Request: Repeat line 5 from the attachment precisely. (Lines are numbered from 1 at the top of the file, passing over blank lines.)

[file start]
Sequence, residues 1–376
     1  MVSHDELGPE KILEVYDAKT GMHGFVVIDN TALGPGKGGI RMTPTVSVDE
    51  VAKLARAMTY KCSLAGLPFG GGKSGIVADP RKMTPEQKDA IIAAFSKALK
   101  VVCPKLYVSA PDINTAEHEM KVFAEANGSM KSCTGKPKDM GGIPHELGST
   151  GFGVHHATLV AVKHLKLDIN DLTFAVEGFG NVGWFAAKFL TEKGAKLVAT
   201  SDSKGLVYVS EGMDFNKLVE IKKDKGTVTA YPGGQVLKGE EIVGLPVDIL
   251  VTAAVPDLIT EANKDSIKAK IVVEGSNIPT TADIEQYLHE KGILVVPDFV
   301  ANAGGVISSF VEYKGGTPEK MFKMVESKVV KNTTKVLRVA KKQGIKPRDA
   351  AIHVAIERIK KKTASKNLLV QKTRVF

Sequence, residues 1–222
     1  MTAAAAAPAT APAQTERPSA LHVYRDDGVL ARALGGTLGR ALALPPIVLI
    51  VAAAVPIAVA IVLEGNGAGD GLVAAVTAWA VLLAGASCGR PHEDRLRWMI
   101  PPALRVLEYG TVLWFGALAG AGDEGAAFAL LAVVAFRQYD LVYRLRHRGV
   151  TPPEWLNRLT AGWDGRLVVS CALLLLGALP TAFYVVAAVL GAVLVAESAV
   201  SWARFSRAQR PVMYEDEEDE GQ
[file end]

   151  GFGVHHATLV AVKHLKLDIN DLTFAVEGFG NVGWFAAKFL TEKGAKLVAT